Dare mighty things?
Sometimes you need to conjure up a lot of gumption just to go to the corner store. This is particularly relevant to people who are new to operating with reduced vision.
Due to recent goings on within my circle of acquaintances I have been reminded to take stock of what’s actually important to me. What really matters?
For a long time I’ve felt it was most important to “dare mighty things” as is outlined in a favorite quote of mine. The same thing that is expressed by that song that says “if you get the choice to sit it out or dance I hope you dance”.
I still do think those things are important. I do think life is less regretful if you give things your best shot rather than choosing not to risk failure.
These days however I’m also noticing the importance of being able to be okay with the here and now that may or may not involve mighty things. And the definition of mighty things can have great variation.
If you’ve been given a diagnosis that states you may have less than a year to live, do you get busy with your bucket list? Sure. If there’s stuff you’ve been planning or waiting on, now’s the time to go for it. However, my thinking lately is that it’s even more important to be present for whatever’s going on RIGHT NOW. If you are sitting out this dance, isn’t it best to take note of the music, the feel of your chair, the person with whom you are sitting? How you are feeling about all that stuff?
I’ve noticed that some blind people find that they get great pats on the back for just walking down the street. Some view this as pity. Some take it as a kindness and feel good about it. I can imagine that someone who knows nothing about living without sight might think it is a mighty thing you are doing. Well, for some it is no big deal, for others it is a huge deal. Take a compliment!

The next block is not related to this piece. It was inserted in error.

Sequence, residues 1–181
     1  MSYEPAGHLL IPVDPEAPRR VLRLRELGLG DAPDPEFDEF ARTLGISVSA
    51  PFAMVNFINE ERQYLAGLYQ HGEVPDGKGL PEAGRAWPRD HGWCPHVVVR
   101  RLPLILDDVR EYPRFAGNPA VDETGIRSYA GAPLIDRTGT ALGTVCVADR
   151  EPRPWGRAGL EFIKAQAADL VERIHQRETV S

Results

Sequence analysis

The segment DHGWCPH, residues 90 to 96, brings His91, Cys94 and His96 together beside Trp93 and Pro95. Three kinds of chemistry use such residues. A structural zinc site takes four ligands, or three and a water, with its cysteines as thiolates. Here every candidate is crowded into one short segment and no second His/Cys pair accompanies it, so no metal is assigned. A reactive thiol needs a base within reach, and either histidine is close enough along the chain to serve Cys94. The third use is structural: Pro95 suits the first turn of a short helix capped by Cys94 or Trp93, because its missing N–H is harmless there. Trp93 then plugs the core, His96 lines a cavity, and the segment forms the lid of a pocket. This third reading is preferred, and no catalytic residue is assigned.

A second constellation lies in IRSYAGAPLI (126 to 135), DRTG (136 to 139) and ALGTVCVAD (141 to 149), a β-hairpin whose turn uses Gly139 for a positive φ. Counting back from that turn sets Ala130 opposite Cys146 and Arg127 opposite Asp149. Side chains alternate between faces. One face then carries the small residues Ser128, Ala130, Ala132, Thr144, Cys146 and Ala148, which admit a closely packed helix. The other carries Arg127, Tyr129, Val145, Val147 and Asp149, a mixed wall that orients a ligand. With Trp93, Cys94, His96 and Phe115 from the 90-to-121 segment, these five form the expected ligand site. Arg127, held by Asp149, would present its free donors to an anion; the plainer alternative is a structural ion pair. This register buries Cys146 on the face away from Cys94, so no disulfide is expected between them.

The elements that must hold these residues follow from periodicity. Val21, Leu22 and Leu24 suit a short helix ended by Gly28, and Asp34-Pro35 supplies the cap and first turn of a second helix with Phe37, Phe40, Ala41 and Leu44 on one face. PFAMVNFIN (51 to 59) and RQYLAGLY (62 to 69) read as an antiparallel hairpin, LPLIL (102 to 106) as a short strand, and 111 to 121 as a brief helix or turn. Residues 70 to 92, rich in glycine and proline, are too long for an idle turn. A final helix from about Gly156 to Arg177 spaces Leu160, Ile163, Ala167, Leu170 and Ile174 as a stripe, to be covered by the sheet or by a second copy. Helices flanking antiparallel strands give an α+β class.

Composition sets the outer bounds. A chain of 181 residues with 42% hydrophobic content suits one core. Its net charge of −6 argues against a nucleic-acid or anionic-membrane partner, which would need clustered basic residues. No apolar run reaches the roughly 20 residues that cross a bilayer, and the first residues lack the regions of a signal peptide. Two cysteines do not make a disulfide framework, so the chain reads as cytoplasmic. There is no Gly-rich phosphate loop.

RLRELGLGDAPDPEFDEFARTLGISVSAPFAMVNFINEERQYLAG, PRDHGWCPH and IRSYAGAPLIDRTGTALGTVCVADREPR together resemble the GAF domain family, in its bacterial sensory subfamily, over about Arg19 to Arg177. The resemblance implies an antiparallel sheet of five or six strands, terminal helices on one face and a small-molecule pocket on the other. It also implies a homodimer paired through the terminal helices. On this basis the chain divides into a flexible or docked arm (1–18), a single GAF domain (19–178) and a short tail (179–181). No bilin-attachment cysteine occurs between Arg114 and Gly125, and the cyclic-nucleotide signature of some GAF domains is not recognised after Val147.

Of course there is value in being daring sometimes in life, and it’s also important to be present for whatever is going on while it’s going on. If you’re looking forward to the moment when you’ll be daring or back at moments where you were, you’re missing all the rest.
Here is the quote I mentioned earlier.
In the battle of life, it is not the critic who counts; nor the one who points out how the strong man stumbled, or where the doer of a deed could have done better.
The credit belongs to the person who is actually in the arena; whose face is marred by dust and sweat and blood, who strives valiantly; who errs and comes short again and again, because there is no effort without error and shortcoming; who does actually
strive to do deeds; who knows the great enthusiasms, the great devotion, spends oneself in a worthy cause; who at the best knows in the end the triumph of high achievement; and who at worst, if he or she fails, at least fails while daring greatly.
Far better it is to dare mighty things, to win glorious triumphs even though checkered by failure, than to rank with those timid spirits who neither enjoy nor suffer much because they live in the gray twilight that knows neither victory nor defeat.
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